Background: Although there are more than 1000 mutations in the cystic fibrosis transmembrane conductance regulator (CFTR) gene, most of them are uncommon and only limited information exists regarding genotype-pulmonary phenotype relationships. Methods: We determined and classified the CFTR mutations using denaturing high-performance liquid chromatography and developed new, quantitative methods to categorize pulmonary phenotypes. Results: Two novel alleles were discovered, namely G1047R and 1525-2A → G, which were accompanied by F508del and G551D mutations, respectively. Assessment of numerous options revealed that CF pulmonary phenotype categorization in children cannot be accomplished with clinical or pulmonary function data but is facilitated by longitudinal quantitative chest radiology. It was most useful to categorize pulmonary disease status by evaluating the typical pattern of abnormalities in patients homozygous for the F508del mutation, and then compare patients with minor mutations to this typical CF pulmonary phenotype. By this method, both patients with novel mutations have pulmonary phenotypes typical of F508del homozygotes. However, patients with class IV mutations (e.g., R347P) or with pancreatic sufficiency showed serial chest radiographs that were atypically mild. Conclusions: Longitudinal quantitative chest radiography provides a new strategy for CF pulmonary phenotype categorization that should be useful for genotype-phenotype delineation in individual patients and in both epidemiologic studies and clinical trials involving groups of children with CF.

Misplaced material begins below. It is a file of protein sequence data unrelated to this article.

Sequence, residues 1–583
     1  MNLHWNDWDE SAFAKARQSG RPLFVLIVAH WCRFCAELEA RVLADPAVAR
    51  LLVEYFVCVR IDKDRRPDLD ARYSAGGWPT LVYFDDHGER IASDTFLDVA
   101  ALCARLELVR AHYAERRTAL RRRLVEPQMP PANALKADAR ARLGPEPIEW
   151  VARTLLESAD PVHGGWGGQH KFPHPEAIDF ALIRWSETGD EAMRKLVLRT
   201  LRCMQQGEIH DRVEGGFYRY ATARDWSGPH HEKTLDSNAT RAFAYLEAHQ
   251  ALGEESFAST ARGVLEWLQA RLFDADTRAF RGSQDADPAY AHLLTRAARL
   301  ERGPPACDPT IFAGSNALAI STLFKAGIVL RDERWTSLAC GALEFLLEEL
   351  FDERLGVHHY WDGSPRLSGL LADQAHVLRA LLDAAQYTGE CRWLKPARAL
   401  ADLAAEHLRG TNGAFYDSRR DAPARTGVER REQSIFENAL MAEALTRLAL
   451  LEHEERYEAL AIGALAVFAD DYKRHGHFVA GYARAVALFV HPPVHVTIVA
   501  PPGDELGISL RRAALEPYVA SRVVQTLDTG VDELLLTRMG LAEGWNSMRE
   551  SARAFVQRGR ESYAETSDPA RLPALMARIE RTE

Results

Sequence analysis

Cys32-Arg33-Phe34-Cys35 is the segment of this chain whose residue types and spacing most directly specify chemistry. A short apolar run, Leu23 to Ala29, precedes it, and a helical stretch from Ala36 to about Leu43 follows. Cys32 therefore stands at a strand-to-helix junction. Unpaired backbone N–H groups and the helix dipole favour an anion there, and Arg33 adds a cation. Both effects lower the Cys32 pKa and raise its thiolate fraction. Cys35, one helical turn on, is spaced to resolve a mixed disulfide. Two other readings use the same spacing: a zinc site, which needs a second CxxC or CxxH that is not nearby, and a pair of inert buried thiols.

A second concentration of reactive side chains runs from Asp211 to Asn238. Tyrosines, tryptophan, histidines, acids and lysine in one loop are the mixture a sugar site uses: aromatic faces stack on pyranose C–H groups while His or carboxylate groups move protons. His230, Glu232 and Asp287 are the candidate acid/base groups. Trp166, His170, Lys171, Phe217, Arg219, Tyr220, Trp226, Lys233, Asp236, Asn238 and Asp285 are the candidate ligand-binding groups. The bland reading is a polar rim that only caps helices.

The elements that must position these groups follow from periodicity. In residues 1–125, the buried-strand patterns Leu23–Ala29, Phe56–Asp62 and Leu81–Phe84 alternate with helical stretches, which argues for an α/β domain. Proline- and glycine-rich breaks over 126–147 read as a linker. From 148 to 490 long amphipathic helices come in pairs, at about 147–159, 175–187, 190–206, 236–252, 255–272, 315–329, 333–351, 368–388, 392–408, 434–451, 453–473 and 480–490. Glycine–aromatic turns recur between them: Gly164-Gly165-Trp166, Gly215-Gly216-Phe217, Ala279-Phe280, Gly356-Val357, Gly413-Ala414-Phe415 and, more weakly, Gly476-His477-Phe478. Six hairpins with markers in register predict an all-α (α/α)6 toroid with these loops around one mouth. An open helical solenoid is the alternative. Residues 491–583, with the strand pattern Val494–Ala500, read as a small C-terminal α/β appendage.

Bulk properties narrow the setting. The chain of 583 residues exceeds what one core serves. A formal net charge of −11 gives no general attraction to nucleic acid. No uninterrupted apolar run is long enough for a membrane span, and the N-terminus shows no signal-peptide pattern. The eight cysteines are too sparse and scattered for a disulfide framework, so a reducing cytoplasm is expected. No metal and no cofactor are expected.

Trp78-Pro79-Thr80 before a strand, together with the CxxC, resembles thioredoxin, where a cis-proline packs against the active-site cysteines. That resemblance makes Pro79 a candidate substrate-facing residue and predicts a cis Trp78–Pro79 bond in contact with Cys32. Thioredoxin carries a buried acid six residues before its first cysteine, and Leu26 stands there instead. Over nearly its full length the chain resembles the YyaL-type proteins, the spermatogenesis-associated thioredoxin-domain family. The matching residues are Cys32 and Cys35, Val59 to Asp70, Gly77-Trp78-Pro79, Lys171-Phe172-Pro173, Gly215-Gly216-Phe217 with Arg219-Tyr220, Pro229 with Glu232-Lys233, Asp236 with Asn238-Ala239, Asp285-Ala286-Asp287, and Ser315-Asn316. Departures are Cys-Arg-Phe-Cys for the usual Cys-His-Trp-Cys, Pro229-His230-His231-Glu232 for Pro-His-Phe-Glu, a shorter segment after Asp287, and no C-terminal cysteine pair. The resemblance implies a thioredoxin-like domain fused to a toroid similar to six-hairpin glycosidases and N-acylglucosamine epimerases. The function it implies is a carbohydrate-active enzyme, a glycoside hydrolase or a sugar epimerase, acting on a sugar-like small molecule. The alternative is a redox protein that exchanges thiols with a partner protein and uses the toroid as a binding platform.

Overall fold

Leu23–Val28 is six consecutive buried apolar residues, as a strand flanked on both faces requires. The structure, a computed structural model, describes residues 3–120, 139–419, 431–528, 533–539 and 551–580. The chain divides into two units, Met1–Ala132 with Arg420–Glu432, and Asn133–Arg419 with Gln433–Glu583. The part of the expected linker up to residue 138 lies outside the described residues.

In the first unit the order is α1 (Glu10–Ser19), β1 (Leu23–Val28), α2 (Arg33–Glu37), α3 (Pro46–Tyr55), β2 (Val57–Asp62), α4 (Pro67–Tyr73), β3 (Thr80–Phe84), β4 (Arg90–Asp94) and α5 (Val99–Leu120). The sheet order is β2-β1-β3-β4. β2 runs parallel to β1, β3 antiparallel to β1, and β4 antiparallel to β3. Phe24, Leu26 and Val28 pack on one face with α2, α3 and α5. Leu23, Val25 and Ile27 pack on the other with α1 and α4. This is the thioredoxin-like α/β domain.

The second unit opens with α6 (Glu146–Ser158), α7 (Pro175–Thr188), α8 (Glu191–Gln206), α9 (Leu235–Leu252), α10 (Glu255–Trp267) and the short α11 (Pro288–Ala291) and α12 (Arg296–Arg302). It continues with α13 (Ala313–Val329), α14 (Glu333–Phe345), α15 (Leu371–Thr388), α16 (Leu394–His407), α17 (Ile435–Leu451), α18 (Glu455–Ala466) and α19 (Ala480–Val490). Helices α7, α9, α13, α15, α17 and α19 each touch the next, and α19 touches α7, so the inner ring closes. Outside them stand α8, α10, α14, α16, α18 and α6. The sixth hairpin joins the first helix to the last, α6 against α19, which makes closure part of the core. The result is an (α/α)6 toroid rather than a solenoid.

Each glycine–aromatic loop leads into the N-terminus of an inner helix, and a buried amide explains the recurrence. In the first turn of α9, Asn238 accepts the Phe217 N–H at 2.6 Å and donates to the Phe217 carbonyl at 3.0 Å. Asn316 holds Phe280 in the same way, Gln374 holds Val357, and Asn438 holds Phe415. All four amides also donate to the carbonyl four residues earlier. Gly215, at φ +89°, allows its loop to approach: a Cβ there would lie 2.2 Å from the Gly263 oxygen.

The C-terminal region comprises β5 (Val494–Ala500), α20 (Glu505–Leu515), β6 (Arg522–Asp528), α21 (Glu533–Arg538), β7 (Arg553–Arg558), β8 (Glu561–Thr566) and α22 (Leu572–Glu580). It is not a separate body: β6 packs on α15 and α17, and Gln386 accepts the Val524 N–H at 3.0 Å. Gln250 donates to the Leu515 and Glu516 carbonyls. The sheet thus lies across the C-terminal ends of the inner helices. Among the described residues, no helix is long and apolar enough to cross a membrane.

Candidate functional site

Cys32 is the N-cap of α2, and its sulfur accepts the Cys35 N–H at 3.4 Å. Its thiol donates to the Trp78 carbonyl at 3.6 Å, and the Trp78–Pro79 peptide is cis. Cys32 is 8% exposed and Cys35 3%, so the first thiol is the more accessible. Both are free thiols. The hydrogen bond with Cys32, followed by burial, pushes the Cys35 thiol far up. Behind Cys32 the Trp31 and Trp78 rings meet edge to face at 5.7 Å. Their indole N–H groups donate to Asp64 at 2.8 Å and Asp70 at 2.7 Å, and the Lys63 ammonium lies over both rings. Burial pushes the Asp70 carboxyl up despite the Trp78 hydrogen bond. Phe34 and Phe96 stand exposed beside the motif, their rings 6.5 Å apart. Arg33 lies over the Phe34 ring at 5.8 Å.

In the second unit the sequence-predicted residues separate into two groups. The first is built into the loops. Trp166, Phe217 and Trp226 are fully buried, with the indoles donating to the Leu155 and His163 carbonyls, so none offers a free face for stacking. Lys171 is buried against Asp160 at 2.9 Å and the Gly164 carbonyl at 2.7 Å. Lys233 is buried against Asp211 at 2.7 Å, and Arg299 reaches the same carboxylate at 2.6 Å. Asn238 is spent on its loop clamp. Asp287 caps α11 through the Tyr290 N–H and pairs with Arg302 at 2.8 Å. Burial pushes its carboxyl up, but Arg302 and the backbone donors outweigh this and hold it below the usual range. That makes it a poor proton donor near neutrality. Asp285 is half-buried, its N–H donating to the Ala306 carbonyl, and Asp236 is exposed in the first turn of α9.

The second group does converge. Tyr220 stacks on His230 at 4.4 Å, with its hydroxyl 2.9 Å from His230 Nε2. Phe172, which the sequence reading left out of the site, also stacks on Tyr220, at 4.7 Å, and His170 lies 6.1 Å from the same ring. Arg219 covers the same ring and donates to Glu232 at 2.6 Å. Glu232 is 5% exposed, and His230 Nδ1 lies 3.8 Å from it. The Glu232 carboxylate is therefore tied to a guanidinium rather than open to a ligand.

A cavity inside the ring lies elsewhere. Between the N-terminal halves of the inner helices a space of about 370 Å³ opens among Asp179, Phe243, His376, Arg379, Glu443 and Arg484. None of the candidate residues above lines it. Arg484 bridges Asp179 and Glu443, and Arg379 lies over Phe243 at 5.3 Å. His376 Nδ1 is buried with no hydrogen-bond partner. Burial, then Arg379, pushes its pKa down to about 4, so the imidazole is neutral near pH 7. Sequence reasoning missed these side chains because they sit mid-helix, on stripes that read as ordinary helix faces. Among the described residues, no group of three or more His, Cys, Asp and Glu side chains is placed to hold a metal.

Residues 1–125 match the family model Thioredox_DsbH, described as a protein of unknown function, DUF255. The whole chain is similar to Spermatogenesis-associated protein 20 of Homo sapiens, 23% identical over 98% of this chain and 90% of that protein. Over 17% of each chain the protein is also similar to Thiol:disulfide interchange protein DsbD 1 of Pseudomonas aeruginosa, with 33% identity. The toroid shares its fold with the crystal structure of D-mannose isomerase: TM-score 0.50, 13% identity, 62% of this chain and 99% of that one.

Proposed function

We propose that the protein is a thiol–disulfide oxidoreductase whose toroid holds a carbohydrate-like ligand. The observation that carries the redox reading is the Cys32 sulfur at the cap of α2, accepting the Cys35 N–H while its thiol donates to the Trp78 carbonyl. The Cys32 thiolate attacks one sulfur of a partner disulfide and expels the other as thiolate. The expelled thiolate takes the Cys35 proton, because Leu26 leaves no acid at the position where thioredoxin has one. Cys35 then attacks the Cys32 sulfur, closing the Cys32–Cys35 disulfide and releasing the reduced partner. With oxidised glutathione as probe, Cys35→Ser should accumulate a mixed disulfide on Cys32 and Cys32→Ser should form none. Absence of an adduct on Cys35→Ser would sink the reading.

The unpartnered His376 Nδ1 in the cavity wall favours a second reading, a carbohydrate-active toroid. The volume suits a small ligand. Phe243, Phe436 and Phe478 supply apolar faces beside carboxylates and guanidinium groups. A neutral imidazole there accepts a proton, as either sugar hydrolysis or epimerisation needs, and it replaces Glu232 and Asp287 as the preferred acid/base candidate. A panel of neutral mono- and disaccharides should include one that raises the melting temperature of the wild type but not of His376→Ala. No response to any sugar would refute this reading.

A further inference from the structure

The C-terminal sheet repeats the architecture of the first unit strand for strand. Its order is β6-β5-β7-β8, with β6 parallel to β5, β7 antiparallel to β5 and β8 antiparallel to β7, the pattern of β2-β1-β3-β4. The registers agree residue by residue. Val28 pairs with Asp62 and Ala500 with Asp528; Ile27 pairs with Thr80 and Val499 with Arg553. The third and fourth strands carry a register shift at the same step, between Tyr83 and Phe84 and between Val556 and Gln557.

- Cystic fibrosis
- Lung disease
ASJC Scopus subject areas
- Pediatrics, Perinatology, and Child Health
- Pulmonary and Respiratory Medicine